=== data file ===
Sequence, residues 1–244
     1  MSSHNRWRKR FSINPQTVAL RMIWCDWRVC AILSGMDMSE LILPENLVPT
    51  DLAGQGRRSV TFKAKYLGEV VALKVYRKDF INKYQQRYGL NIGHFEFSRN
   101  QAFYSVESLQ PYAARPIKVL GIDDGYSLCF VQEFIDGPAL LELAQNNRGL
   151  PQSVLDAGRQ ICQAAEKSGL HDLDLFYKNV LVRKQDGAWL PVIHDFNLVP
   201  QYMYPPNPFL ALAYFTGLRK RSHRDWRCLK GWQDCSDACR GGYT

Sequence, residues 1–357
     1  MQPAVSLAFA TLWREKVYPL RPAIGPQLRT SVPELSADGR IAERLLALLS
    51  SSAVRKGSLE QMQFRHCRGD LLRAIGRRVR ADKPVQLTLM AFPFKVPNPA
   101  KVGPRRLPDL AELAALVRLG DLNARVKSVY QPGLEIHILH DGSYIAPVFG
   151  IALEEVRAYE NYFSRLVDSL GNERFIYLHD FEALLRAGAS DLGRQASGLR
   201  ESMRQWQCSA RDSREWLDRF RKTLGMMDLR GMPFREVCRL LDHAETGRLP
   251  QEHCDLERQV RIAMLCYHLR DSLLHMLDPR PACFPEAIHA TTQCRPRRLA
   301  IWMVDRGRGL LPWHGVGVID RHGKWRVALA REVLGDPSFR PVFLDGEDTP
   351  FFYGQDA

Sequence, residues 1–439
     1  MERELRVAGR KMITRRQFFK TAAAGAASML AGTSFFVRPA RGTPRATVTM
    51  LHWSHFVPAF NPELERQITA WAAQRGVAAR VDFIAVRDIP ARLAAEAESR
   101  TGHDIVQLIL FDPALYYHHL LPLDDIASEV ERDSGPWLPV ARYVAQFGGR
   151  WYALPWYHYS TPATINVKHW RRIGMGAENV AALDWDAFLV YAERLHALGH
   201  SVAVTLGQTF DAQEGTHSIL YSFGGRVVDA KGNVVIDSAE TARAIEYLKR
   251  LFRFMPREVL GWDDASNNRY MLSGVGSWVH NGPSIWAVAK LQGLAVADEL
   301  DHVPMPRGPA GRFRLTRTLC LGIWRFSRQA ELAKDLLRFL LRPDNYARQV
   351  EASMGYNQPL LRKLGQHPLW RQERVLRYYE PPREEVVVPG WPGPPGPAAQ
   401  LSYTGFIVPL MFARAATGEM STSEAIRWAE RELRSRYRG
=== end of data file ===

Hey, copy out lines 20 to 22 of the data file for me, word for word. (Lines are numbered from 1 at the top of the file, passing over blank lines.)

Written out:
   151  WYALPWYHYS TPATINVKHW RRIGMGAENV AALDWDAFLV YAERLHALGH
   201  SVAVTLGQTF DAQEGTHSIL YSFGGRVVDA KGNVVIDSAE TARAIEYLKR
   251  LFRFMPREVL GWDDASNNRY MLSGVGSWVH NGPSIWAVAK LQGLAVADEL